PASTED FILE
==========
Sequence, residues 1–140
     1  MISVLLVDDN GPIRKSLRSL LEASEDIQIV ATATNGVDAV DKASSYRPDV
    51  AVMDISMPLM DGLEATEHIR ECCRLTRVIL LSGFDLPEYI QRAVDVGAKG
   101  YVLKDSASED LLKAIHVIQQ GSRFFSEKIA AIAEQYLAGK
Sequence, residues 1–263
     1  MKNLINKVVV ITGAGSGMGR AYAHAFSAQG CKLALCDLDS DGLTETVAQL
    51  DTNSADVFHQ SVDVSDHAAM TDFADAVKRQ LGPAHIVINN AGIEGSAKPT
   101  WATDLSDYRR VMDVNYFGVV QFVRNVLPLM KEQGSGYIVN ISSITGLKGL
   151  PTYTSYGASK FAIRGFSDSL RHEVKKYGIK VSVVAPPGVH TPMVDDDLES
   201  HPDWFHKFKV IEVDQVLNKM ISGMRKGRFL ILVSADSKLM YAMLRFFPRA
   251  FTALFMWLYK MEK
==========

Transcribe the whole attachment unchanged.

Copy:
Sequence, residues 1–140
     1  MISVLLVDDN GPIRKSLRSL LEASEDIQIV ATATNGVDAV DKASSYRPDV
    51  AVMDISMPLM DGLEATEHIR ECCRLTRVIL LSGFDLPEYI QRAVDVGAKG
   101  YVLKDSASED LLKAIHVIQQ GSRFFSEKIA AIAEQYLAGK
Sequence, residues 1–263
     1  MKNLINKVVV ITGAGSGMGR AYAHAFSAQG CKLALCDLDS DGLTETVAQL
    51  DTNSADVFHQ SVDVSDHAAM TDFADAVKRQ LGPAHIVINN AGIEGSAKPT
   101  WATDLSDYRR VMDVNYFGVV QFVRNVLPLM KEQGSGYIVN ISSITGLKGL
   151  PTYTSYGASK FAIRGFSDSL RHEVKKYGIK VSVVAPPGVH TPMVDDDLES
   201  HPDWFHKFKV IEVDQVLNKM ISGMRKGRFL ILVSADSKLM YAMLRFFPRA
   251  FTALFMWLYK MEK